Dress codes in Fiji
Bula shirts and dressing in identical styles is common in the South Pacific but there is more to the story than this. Fijian costume 200 years ago was mainly a malo for men, or grass skirt for women and a wrapping of masi for some chiefs on special occasions. When the foreigners came along, particularly the missionaries, there was a 'cover-up' imposed, a 'putting on the cloth' to do with a perception of what is modest and appropriate, even when the climate really suited bare skin.
A dress code is really about appropriate wear for different occasions and contexts. But the bula shirt and kalavata - same design - seems to be a predominant thing in the South Pacific.
Is there therefore a difference in dress code to walking about a rural Fijian village to walking along Victoria Parade in Suva? It seems so if the elders in a village have very conservative views and value tradition even when the clothes are uncomfortable and impractical. So do teenage girls wear their board shorts under a skirt until they reach the bus shelter?
Weddings, funerals, and certain family occasions require formal dress such as adding a ta'avala waist mat for Lauans, masi costumes for bride and groom. Guests dress up because it is a special gathering though bula shirts as well as suits are worn by men. Women can be very fashionable and today the dresses can be spectacular.Modern fashion designs in Fiji are fabulous, very beautiful but are they still fairly conservative? Very interesting designs are being sewn for older women and young women with some excellent designers' work is emerging. Way to go!
Dress is sometimes about status, seniority, from medals to feathered hats, Also dress is often about uniforms such as school children at both primary and secondary levels. I think that school uniforms need to be practical (not white!). Is a skirt on a girl really practical these days? Even at tertiary level, there was a to-do at FIT over the way students/young adults dressed and a ban on tight, short shorts, etc. Okay, they are there to study, not to distract!
Fishing, gardening, going on boats, washing and cooking are informal so shorts, trousers, jeans, old clothes, seem to be okay. And the sulu vakatoga (informal wrap-around) is fine here.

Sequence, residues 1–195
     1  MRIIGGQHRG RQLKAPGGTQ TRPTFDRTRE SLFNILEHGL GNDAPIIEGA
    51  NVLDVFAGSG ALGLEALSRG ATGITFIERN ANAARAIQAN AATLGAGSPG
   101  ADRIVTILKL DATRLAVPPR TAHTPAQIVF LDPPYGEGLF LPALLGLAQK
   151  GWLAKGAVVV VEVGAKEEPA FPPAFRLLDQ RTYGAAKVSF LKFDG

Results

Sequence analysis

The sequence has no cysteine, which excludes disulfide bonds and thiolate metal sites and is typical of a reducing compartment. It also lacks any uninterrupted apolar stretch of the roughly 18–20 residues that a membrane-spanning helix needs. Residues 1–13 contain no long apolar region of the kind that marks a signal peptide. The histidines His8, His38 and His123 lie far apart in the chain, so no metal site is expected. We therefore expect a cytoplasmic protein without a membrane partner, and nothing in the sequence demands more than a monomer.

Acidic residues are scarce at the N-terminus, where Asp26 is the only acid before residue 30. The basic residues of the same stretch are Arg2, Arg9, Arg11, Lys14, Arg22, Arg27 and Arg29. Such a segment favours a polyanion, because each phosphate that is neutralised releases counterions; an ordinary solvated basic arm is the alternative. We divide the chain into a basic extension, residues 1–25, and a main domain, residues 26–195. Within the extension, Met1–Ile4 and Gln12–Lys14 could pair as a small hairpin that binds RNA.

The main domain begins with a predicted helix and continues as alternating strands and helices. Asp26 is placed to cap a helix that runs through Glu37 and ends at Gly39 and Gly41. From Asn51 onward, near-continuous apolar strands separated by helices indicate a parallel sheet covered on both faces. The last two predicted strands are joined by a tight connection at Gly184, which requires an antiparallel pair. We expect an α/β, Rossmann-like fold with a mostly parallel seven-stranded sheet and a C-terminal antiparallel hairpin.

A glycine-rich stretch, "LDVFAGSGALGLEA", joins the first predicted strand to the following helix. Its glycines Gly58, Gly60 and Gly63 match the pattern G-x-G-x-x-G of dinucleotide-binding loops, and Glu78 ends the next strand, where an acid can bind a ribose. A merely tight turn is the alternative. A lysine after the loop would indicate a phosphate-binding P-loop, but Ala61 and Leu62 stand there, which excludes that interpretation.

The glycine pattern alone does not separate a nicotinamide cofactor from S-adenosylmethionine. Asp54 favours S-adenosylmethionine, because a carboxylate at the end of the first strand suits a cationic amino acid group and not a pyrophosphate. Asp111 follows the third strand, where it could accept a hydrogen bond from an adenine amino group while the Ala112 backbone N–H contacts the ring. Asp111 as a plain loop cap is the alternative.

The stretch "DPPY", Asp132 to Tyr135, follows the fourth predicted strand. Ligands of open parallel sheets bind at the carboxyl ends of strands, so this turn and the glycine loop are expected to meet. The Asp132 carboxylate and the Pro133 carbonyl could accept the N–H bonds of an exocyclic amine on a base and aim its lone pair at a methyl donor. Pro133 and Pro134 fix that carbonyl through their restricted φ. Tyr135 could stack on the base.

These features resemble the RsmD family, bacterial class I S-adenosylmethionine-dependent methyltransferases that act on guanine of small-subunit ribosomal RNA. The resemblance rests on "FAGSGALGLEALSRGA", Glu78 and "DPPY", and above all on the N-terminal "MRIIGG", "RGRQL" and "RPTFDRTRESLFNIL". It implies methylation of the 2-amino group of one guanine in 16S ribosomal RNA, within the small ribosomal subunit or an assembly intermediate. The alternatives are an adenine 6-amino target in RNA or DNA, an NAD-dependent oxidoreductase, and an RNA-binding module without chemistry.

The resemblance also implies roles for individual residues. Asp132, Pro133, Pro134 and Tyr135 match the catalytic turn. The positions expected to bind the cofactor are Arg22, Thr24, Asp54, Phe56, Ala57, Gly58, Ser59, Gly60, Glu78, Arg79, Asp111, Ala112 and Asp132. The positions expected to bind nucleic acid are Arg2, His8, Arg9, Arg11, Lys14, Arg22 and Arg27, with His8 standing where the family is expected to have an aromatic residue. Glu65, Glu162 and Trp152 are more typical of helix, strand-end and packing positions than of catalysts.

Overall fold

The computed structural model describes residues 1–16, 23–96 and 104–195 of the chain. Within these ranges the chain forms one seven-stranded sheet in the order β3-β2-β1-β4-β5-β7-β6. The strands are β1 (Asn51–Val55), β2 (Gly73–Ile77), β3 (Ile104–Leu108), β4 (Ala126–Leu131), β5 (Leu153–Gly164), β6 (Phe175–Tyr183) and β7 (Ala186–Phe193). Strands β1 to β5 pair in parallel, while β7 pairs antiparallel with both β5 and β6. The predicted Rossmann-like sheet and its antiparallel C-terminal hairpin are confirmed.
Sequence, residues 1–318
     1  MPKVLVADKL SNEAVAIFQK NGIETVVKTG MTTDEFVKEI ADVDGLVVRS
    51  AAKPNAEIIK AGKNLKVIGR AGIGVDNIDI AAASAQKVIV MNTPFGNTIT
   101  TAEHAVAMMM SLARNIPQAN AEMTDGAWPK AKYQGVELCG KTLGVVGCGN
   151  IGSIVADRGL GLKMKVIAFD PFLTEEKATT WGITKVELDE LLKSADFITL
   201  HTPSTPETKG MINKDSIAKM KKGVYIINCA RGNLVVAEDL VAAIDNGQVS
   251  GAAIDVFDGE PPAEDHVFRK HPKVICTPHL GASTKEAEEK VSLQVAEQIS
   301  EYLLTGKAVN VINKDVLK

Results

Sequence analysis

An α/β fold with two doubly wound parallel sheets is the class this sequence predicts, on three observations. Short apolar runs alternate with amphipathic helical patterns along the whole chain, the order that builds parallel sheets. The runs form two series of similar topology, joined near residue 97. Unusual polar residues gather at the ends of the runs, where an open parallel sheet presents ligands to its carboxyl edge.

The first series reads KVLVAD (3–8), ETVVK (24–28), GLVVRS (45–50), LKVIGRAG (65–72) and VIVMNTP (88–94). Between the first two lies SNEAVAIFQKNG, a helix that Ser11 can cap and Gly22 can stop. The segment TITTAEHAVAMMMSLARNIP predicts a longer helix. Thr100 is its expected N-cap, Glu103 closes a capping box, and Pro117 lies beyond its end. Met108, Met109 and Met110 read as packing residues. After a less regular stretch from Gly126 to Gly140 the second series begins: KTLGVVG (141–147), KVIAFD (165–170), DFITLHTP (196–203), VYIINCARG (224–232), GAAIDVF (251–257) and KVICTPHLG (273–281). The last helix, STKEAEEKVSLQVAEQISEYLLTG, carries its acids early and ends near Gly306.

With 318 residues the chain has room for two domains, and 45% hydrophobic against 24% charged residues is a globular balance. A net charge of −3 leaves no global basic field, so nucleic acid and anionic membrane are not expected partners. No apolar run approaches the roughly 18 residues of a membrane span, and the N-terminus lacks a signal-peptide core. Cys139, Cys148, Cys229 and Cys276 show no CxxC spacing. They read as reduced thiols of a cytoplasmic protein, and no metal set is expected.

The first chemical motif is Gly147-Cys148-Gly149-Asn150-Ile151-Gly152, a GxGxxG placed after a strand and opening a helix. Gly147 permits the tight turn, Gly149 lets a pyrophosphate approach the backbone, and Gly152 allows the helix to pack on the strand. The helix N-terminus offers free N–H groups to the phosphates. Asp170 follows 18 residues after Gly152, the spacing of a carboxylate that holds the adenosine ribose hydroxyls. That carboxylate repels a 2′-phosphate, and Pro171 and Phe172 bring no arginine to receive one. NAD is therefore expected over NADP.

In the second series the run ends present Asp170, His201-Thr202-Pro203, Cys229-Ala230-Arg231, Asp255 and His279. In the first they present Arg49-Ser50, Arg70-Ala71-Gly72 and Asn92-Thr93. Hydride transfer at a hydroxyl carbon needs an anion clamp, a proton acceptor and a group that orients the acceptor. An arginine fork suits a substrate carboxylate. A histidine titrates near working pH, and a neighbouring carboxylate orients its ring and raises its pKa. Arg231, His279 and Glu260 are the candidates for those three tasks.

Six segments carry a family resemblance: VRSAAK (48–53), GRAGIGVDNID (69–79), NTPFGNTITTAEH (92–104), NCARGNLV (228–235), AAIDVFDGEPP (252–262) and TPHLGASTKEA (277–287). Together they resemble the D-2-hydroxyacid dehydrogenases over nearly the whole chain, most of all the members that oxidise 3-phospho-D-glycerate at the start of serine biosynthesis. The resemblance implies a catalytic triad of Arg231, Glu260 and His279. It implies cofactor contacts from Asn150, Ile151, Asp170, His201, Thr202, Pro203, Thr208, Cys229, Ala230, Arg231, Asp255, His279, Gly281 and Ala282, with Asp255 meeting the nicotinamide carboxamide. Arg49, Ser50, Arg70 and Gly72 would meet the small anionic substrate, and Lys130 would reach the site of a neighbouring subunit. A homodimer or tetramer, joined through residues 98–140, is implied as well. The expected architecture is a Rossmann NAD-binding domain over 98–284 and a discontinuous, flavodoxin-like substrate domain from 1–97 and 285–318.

Athletics, the gym, sports, footwear, dress for comfort, conformity when in a team.
Kalavata means wearing the same colour, design, patterned material and this is popular in Fiji, not just for a dance or singing group but amongst family or friends for occasions such as vakatawase, the New Year. Church dress code is often about choirs wearing of white or in one colour. Children dress in their 'best'. Older men wear jackets and sulu vakataga, ties, no matter the weather or 90% humidity! Older women usually wear dresses and suluira (long sulu underskirt). Younger women might wear a sulu and jaba (shorter top).
For vanua events there is more care. Traditional warrior's dress is worn for some ceremonies and by men's dance groups. There is a tabu about noise and kids being around usually.
Teenagers in Fiji have to put up with the contradiction of having both a local and a world youth culture. They watch TV, movies, internet and see how other young people dress in USA etc. and many want to be part of it all even though it might mean drab colours rather than the bright primary colours of bula shirts and dresses. And the wearing of jeans or shorts is part of this world youth culture. But guys and girls, just check out the back view. It oughta look good. 'You look so good to be true. Can't keep my eyes offa you' so goes the song!
Is it different for tourists and local people? Who makes the rules and guidelines for tourists?
Is there much cross dressing between cultures - does a Fijian woman look good in a sari, or salwar and kamiz?
Someone else might like to take up the topic of dress among the Fiji Indian young people?
Going back to the topic that triggered this discussion - the conservative view in some Fijian villages as in a post previously published in this blog - about a girl beaten for wearing three-quarter pants instead of a skirt. It seems that there needs to be discussion by people in that community - men and women and youth talking together, airing their views and coming to a compromise that involves respect for both the community and the individual.